Growing business of esports has cities and states taking notice

    The growing popularity of competitive video games is creating opportunities for governments at all levels, Route Fifty reports. 

    Although the history of esports dates to the 1970s, the term was coined in 2000 and has exploded in popularity in the last decade. In the U.S., the esports market is projected to reach $10.9 billion by 2032, with a compound annual growth rate of almost 21% between 2023 and 2032. In July, the International Olympic Committee will vote on the creation of new Olympic Esports Games. 

    Several public universities, including the Universities of Utah and California at Irvine as well as Ohio State University, offer esports scholarships and degrees. Since 2018, more than 8,600 high schools have added esports as an extracurricular activity. 

    Locally, Baton Rouge-based Southern University Law Center launched its Mixed Reality Virtual Gaming and Esports Institute in 2020.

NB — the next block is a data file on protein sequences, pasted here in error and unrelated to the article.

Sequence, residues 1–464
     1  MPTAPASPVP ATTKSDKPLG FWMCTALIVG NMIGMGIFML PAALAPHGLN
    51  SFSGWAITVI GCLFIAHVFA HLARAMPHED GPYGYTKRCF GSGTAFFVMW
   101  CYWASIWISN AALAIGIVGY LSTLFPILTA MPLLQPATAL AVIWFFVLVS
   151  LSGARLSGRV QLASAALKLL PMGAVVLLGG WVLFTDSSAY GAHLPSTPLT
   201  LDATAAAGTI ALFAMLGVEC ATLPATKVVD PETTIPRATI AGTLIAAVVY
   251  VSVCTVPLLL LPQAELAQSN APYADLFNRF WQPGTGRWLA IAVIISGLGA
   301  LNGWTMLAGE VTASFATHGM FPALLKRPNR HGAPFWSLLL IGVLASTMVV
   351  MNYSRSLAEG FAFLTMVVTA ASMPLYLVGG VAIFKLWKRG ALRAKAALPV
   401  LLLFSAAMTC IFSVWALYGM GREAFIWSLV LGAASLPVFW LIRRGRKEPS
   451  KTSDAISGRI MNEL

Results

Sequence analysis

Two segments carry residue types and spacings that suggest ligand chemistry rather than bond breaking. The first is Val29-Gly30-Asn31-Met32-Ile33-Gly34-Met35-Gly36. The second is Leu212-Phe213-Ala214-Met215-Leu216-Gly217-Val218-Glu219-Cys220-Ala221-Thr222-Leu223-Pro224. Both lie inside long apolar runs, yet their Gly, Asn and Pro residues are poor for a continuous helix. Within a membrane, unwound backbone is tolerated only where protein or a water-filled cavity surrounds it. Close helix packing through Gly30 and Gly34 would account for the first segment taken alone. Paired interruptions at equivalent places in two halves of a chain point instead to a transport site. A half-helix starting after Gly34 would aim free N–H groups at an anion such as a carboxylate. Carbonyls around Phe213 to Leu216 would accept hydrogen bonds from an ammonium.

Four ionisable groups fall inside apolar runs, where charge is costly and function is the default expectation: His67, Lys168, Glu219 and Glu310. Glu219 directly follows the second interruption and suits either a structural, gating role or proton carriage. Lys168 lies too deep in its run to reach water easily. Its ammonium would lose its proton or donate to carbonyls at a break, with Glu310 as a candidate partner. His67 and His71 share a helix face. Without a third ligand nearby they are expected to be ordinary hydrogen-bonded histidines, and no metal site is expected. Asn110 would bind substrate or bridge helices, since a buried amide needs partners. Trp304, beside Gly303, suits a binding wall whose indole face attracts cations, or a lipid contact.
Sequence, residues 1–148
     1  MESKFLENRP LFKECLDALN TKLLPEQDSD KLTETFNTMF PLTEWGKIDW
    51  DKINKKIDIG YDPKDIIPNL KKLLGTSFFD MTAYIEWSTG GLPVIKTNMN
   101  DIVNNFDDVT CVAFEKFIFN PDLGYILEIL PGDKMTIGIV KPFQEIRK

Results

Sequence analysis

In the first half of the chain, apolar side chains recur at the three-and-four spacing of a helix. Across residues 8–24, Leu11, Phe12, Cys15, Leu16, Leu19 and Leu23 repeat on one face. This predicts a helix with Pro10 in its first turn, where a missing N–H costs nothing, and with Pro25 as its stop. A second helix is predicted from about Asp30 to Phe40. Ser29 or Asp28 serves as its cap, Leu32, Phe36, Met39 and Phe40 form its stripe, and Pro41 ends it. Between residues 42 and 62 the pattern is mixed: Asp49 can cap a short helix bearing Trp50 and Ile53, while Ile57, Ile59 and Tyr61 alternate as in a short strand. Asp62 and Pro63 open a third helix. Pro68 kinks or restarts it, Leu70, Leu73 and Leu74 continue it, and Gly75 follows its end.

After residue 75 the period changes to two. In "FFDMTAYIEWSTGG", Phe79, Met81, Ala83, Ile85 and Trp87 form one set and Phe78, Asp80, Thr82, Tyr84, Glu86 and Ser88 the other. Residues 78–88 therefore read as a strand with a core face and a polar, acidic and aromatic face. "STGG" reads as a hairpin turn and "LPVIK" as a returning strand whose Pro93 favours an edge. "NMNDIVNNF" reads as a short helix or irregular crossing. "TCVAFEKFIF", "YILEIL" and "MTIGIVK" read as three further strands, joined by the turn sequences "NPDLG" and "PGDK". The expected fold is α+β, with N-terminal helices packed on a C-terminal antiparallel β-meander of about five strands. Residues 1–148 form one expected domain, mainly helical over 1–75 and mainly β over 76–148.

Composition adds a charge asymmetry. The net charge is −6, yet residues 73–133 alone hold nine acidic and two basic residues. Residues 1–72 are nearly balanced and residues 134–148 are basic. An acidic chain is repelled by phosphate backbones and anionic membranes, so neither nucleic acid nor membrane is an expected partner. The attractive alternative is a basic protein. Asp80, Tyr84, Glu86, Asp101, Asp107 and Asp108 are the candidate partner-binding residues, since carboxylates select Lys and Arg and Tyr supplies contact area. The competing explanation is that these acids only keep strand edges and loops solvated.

Many municipalities are also seizing the esports opportunity. In October 2022, the Aurora, Colorado, Recreation and Sports Division set up an esports program at a rec center with gaming consoles and computers. A little more than a year later, Hampton, Virginia, began welcoming people at four community centers-turned-gaming-sites called “Tap In” Zone for Gamers. And two months ago, Baltimore’s first esports lab opened with 20 computers in the renovated Medfield Recreation Center. 

    States are taking notice of esports, as well. Recognizing the potential for large-scale gaming events to boost tourism, North Carolina launched an esports industry grant program that offers producers of esports events financial rebates of up to 25% on qualified expenses, provided that the company spends at least $150,000 in the state per event.

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